The U.S. Senate on Thursday approved a revamp of the 26-year-old North American Free Trade Agreement that includes tougher rules on labor and automotive content but leaves $1.2 trillion in annual U.S.-Mexico-Canada trade flows largely unchanged.
The legislation for the U.S.-Mexico-Canada Agreement passed on an 89-10 bipartisan vote, sending the measure to President Donald Trump for him to sign into law.
The U.S. House of Representatives, where Democrats hold the majority, passed the legislation on Dec. 19 after insisting on changes to improve enforcement of new labor rights.
Canada still needs to approve the trade deal before it can take effect and replace the 26-year-old North American Free Trade Agreement. Trump has blamed NAFTA for the loss of thousands of American factory jobs to low-wage Mexico.
Canada’s parliament does not return to session until Jan. 27, so the scheduling of a vote there remains unclear. But USMCA is expected to see little resistance in Canada, as Conservatives have said they would back the deal negotiated earlier by Prime Minister Justin Trudeau’s Liberal-dominated government.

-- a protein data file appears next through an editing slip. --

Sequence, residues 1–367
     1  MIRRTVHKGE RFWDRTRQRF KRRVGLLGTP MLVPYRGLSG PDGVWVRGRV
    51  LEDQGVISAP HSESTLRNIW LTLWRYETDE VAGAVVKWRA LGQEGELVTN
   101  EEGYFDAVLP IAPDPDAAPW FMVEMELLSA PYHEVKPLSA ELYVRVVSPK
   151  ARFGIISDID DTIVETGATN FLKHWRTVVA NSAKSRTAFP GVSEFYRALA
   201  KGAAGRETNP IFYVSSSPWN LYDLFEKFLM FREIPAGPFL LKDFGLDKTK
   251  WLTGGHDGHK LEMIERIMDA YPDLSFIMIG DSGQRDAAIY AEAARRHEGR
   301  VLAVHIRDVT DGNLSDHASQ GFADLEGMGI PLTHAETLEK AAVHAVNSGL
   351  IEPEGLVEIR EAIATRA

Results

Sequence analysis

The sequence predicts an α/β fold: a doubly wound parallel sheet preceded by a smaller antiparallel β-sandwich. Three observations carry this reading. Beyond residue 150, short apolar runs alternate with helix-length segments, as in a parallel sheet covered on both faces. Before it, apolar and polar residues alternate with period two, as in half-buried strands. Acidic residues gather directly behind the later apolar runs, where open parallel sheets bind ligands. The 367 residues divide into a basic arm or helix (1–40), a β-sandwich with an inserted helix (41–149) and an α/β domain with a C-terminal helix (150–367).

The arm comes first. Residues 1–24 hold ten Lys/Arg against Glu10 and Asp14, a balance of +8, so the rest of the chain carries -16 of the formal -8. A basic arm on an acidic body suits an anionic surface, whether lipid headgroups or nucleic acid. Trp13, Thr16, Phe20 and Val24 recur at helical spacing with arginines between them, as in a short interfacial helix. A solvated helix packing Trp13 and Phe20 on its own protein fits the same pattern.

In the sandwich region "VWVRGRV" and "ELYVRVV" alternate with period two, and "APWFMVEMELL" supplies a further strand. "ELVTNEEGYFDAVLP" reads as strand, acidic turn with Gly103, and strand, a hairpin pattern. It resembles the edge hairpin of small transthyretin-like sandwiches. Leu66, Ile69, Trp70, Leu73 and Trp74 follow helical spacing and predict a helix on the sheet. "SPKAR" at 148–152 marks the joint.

“Today the Senate will send this landmark agreement to the president’s desk. A big bipartisan win,” Senate Republican Leader Mitch McConnell said in Senate floor remarks.
The vote comes a day after Trump signed a Phase 1 trade deal with China, and shortly before the Senate formally began the impeachment trial of Trump on charges that he abused his power.
(Writing by David Lawder; additional reporting by Andrea Shalal; Editing by Alistair Bell and Rosalba O’Brien)
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